One major advantage of not having blades is reduced maintenance costs. For instance, the turbines can be mounted on towers or poles, while generator equipment can be located at the tower base, eliminating the need for climbing the tower for routine maintenance. Also, the turbines only need to be mounted high enough to clear nearby obstacles to wind flow. Since there are no external blades that require ground clearance, the tower can likely be shorter than those used for turbines with blades.

Further, the screen-enclosed turbine prevents injuries to birds and bats, avoids the visual pollution of spinning blades, and proper construction can make the turbine nearly transparent to radar microwave emissions, such as those from nearby defense facilities. Due to its reduced maintenance costs and limited infrastructure requirements, the turbine could even be located on urban rooftops.

Besides wind, the turbine’s design also makes it adaptable for geothermal applications, in which a heated fluid is used to drive the turbine. Since the turbine works even with relatively cool fluid, the invention could be particularly useful for situations where the geothermal source does not provide enough heat to produce the “superheated” steam needed to drive a conventional steam engine.


The Following Article Is from Business Green.com
"Bladeless" wind turbine firm aims to win over Nimbys
Startup argues quiet and enclosed new design will appeal
to those who traditionally object to wind turbines

By Jessica Shankleman, BusinessGreen, 07 May 2010

A "bladeless" wind turbine that has been designed to pacify protestors who dislike the visual and noise impact of traditional three-blade turbines could soon be launched.

US startup Solar Aero Research claims its soon-to-be-released Fuller Wind Turbine circumvents many of the objections to the traditional three-bladed wind turbine by reducing noise levels and avoiding any form of radar interference or injuries to wildlife.

"As we see more and more of the population rising in opposition to the windmills due to noise and wildlife injury concerns, we see more opportunities for our system, so we are... redoubling our efforts to make people aware that there is an alternative," chief executive Howard Fuller told BusinessGreen.com.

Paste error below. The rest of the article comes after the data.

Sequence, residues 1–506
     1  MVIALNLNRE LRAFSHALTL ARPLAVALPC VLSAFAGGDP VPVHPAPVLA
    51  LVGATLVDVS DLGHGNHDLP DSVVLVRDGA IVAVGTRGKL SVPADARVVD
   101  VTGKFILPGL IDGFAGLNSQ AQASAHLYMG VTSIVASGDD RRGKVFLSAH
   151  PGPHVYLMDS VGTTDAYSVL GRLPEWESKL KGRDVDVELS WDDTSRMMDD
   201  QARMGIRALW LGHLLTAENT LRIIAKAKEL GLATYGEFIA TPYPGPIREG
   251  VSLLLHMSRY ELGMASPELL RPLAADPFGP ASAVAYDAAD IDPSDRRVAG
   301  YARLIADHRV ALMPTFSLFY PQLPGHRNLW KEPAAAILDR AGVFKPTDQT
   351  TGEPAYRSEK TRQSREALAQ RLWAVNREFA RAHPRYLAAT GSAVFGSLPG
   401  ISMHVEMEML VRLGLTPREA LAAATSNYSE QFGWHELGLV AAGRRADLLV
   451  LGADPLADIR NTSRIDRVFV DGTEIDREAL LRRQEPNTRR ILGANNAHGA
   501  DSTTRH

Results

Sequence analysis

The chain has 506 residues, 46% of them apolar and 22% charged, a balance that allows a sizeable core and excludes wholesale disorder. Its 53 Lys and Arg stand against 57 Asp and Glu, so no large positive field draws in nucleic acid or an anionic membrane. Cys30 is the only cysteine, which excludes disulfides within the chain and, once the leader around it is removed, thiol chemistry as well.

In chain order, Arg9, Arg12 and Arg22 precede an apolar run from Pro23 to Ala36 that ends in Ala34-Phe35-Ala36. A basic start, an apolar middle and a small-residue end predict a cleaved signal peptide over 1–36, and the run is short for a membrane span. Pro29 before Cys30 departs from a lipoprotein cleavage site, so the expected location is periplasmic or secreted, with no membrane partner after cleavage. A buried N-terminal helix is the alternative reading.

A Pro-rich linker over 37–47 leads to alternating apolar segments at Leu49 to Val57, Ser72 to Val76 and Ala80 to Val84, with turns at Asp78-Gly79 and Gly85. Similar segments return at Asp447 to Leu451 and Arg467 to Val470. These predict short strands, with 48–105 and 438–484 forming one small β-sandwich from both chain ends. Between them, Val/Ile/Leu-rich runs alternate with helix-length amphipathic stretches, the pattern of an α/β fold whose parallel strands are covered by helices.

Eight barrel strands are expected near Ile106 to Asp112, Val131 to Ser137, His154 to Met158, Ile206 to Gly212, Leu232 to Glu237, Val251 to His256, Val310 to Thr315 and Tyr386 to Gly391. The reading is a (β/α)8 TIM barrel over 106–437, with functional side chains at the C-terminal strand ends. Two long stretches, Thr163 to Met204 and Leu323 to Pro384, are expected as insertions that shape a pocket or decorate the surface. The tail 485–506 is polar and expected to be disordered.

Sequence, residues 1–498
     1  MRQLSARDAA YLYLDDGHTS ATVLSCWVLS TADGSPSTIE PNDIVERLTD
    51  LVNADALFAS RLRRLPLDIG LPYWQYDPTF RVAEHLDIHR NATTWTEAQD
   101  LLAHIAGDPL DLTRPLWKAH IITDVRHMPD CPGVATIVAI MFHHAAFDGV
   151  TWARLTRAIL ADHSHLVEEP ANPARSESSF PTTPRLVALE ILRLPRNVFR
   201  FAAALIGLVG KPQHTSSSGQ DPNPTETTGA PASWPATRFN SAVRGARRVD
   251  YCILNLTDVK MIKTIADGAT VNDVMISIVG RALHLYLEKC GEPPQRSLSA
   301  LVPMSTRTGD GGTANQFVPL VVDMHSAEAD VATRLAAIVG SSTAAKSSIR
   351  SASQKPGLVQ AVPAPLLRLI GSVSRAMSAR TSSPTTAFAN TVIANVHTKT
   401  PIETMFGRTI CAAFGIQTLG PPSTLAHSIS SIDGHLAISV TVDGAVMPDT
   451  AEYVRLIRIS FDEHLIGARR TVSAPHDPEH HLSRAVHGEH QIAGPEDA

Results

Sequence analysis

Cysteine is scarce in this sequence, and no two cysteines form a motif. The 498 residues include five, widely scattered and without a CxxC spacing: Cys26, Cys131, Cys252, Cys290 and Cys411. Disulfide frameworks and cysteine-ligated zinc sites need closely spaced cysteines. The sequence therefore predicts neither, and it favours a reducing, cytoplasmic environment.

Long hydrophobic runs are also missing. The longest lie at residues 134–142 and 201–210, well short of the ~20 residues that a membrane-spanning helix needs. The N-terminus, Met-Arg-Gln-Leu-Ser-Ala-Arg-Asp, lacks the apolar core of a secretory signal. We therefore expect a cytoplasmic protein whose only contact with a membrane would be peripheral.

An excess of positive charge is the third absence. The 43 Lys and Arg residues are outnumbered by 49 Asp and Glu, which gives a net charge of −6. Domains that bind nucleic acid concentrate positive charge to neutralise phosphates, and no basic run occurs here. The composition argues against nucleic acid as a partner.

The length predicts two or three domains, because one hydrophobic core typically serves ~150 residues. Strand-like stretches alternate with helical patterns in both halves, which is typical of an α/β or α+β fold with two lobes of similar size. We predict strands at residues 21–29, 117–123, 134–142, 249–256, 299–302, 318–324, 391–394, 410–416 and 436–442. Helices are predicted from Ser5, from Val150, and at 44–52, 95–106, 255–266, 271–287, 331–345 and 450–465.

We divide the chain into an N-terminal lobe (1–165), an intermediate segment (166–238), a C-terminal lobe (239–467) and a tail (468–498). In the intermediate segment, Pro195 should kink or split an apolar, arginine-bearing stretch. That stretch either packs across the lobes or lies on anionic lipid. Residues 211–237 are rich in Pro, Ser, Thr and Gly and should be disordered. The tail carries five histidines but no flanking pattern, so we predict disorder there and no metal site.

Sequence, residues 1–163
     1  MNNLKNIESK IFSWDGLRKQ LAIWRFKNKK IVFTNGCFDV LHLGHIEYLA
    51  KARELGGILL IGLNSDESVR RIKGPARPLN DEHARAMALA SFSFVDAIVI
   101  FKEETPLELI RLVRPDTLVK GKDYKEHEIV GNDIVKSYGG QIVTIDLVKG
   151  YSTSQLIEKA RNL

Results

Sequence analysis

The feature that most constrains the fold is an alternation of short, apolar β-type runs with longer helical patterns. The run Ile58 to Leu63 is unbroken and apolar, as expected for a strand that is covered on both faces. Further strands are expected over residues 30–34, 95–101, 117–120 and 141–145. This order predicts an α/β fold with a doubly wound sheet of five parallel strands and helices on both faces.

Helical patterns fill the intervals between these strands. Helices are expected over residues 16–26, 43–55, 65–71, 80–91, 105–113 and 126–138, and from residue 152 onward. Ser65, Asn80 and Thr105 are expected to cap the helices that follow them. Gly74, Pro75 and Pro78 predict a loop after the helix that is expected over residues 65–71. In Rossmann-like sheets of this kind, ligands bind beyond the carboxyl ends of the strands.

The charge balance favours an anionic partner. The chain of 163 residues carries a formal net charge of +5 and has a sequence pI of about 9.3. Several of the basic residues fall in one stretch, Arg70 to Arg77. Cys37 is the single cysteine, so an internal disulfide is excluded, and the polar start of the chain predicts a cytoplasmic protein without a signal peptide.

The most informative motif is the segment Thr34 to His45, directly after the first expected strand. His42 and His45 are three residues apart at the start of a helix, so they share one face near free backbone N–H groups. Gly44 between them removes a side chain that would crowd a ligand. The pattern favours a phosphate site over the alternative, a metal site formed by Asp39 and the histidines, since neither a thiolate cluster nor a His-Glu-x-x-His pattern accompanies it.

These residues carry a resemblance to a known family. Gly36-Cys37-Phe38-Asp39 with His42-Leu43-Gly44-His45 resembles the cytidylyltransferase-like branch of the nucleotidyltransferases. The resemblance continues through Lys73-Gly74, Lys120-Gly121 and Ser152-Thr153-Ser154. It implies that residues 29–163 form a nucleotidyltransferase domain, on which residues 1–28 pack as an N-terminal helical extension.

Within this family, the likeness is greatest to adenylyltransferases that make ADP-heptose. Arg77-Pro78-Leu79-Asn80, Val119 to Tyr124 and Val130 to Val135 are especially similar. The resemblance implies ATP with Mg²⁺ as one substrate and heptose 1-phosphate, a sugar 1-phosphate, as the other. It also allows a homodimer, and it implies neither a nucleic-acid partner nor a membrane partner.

The completely enclosed device secured a patent last month and after six years of development Solar Aero is now looking to start manufacturing from next year and is in talks to find licensees around the world which can produce the units.

Fuller said that the company ultimately planned to target both the micro-generation and the utility-scale wind farm market.

"Our initial market will be residential and small business firms that can effectively use a 10kW baseline unit that can be deployed either on or off-grid, " he explained. "Beyond that, we plan to eventually enter the utility-scale market."

He also argued that the system would represent a low-cost alternative to traditional three-blade wind turbines.

At current estimates, the machine is slated to cost about $0.055 per kWh, approximately the same as for coal-fired generation, while Fuller insisted the enclosed design means it will require low levels of maintenance meaning full life-cycle costs will be a third lower than for conventional wind turbines.

However, Fuller admitted that the company is likely to need to additional funding to get the product to market.

"Our only hurdle has been one of funding," he said.

"Most of the government grants available have been for erection of bladed turbines, as opposed to research into alternatives. Grant-giving governmental entities are not, in our experience, the most innovative organisations on the planet. About all we can do is work around that problem as best we can."

Solar Aero Research is one of a number of firms working on new wind turbine designs that promise to improve efficiency and reduce costs compared with traditional three blade turbines.

For example, California-based Nordic Windpower is one of a number of firms currently working on an innovative twin-blade turbine design, while in the UK a major government-backed research project is working on a vertical axis design for offshore wind farms.

Relevant books:
Aerodynamics of Wind Turbines

Nikola Tesla Treasury

My Inventions: The Autobiography of Nikola Tesla

Prodigal Genius: The Life of Nikola Tesla

Tesla: Man Out of Time

Wizard: The Life and Times of Nikola Tesla


  Bladeless Wind Turbine US Patent (115 kb)


SolarAero Research